This week, against all odds, I broke down and paid about as much as I would ever want to pay for an Amiibo ($25 with free shipping) so that I could get an NFC figure of my favorite and main Smash Bros. character, King Dedede.
A small note on collecting Amiibo's (a defense and a warning):
To those of you that might not get what all the hubbub is about around these pieces of Nintendo plastic, I would start by defending collecting figures and figurines, in general, by pointing out that, one way or another, a lot of us wind up spending money on small pieces of plastic.
Whether or not a piece of plastic has value is pretty much dependent on one's personal taste. It might be odd to clutter up my room with figures, to some, but value in an item can, to paraphrase "tidying consultant" Marie Kondo from her book, “The Life-Changing Magic of Tidying Up: The Japanese Art of Decluttering and Organizing", when de-cluttering one's house simply pick up an item and ask yourself, "Does this item spark joy?" If they do, keep it. If not, ditch it.
I'll be keeping this in mind if I ever need to tidy up my space but at the moment, I can assure you, that holding Dedede in my hand inspires joy. Why?
Ever since I saw the introductory cut scene of Super Smash Bros. Melee, in which a Mario figurine comes to life, and, enjoying the collection of figurine trophies in the game series, I have always wanted to own real Nintendo character figures. There have never been products of the quality widely advertised by Nintendo and, with the added benefit of being compatible with several games by unlocking DLC and other bonus features, these figures caught my interest. Ever since I saw that Skylanders and Disney Infinity were clearly a big success and here to stay, I knew Nintendo should take a risk and try it themselves. And, with the toys seeing such high demands from Nintendo fans, old and new, it is clear that the product was something many of us had been waiting to buy.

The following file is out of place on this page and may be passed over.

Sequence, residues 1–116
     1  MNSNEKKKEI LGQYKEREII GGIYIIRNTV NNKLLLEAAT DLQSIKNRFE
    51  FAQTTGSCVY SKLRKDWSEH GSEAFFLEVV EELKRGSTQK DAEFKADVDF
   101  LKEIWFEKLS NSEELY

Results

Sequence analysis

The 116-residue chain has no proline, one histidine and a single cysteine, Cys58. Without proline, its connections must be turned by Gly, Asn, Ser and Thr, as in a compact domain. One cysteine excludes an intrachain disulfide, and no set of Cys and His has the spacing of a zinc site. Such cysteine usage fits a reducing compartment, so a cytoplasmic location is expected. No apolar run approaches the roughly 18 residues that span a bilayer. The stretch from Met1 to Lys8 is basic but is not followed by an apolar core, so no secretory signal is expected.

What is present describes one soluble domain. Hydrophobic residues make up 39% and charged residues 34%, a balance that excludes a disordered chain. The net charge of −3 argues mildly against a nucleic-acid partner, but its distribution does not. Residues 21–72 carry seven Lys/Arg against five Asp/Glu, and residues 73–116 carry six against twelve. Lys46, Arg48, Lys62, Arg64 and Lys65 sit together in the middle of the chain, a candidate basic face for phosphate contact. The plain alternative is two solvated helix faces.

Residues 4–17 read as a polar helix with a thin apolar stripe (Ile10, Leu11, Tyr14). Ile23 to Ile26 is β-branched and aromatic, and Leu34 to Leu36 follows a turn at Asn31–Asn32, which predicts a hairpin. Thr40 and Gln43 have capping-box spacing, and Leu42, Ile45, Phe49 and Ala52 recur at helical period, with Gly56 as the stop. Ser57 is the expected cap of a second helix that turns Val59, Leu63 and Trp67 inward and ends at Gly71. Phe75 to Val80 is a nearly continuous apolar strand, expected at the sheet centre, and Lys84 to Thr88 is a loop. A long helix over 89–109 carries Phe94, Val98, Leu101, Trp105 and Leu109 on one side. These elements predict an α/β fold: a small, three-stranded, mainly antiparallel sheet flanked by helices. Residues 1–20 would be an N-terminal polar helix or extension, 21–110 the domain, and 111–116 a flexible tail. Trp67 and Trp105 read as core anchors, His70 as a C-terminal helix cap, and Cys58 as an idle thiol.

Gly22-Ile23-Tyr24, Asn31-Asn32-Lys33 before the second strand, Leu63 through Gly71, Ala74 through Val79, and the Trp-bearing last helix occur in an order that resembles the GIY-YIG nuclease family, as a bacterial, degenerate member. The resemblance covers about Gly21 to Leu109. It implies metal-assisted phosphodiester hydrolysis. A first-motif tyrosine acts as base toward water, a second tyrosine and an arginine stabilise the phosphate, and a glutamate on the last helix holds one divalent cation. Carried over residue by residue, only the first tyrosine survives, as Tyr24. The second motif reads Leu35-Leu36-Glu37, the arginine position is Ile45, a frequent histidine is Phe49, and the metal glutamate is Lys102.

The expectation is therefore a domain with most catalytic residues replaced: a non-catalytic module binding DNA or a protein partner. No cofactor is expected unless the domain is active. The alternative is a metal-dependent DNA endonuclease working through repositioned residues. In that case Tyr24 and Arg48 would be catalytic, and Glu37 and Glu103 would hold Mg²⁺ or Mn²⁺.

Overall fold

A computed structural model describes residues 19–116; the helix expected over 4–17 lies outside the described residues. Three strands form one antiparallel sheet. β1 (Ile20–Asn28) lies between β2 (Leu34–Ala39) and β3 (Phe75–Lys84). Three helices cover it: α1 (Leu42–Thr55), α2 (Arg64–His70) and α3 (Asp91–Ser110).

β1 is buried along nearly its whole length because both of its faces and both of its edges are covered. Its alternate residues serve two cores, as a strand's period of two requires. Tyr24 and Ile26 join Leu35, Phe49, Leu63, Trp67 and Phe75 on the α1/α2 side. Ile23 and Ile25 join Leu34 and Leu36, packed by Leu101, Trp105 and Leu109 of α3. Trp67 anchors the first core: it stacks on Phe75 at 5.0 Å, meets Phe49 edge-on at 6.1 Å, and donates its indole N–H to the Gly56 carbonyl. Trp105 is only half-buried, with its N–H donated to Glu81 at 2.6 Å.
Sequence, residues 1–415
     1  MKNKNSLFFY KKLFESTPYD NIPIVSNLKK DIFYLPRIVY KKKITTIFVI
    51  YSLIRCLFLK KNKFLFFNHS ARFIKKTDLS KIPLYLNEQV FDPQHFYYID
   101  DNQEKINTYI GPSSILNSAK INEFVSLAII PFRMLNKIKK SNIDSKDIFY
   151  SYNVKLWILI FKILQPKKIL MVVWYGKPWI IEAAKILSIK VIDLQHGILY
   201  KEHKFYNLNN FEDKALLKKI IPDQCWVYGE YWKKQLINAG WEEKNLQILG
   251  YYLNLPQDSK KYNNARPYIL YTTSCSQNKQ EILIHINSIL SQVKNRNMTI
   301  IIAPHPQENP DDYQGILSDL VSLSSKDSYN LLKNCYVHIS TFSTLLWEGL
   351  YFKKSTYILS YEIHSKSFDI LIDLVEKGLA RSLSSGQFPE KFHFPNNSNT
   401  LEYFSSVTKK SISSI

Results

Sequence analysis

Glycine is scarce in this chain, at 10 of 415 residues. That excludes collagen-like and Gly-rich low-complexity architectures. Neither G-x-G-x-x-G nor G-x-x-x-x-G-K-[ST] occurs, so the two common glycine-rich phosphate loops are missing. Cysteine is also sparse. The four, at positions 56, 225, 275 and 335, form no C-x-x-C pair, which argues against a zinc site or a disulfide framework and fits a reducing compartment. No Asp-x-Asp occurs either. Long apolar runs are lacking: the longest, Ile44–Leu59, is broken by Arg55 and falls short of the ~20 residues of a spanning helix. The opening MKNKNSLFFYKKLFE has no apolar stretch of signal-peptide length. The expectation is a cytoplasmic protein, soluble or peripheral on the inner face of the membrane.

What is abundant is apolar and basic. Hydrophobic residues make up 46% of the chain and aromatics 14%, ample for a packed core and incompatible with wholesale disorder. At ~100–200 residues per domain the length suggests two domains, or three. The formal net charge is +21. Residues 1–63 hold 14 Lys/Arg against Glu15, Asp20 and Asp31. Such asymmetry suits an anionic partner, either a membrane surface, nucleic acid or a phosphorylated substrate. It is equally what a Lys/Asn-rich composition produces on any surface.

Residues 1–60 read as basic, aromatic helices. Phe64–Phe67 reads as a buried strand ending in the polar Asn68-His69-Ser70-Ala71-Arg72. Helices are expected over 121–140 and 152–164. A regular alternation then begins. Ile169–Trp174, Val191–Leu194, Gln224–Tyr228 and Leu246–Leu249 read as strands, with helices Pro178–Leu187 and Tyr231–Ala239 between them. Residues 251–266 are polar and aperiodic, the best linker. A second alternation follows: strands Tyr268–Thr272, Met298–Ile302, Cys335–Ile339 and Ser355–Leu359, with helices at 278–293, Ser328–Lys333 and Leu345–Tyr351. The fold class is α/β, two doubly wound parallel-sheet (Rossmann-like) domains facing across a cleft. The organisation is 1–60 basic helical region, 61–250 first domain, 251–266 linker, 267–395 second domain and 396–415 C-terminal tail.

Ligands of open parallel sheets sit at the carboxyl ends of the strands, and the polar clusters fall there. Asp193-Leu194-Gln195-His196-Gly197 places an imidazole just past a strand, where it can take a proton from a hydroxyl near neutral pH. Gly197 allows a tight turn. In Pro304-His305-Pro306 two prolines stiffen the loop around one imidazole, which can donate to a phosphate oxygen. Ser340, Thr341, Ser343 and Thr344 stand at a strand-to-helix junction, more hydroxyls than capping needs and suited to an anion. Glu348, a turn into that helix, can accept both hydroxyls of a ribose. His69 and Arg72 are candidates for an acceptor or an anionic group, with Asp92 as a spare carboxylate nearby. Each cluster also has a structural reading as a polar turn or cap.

But, like anything with high demand and low numbers (the latter is something I blame Nintendo for not doing a better job at), scalpers have made collecting Amiibos a lot less fun. At first, it was just very difficult to acquire some of the early Amiibos but you could find them with some diligence. But, by the third wave of figures, the less common figures sold out within minutes online and store exclusives made it even harder to collect them all. Scalpers, by buying up large numbers of the figures to sell later for a profit (that I'll point out Nintendo is missing out on and that I know stores let them buy in bulk because they often have retail boxes in their ebay photos), are driving demand even higher but the number are still low. Some of the rarest figures sell for over $50 and so, if you wanna collect them all, it goes from a casual collector's hobby to something really only reserved for the hardcore and, while I would love to have all the Amiibos, I'm not paying $50 for a immobile figure when I could pay the same for a Nendoroid.
In conclusion (ooh, way to get high school essay on us), if you want to collect Amiibos, have at it, but I wouldn't recommend trying to collect them all until Nintendo does something about their low supply.
And that's all in this week's collector's rant.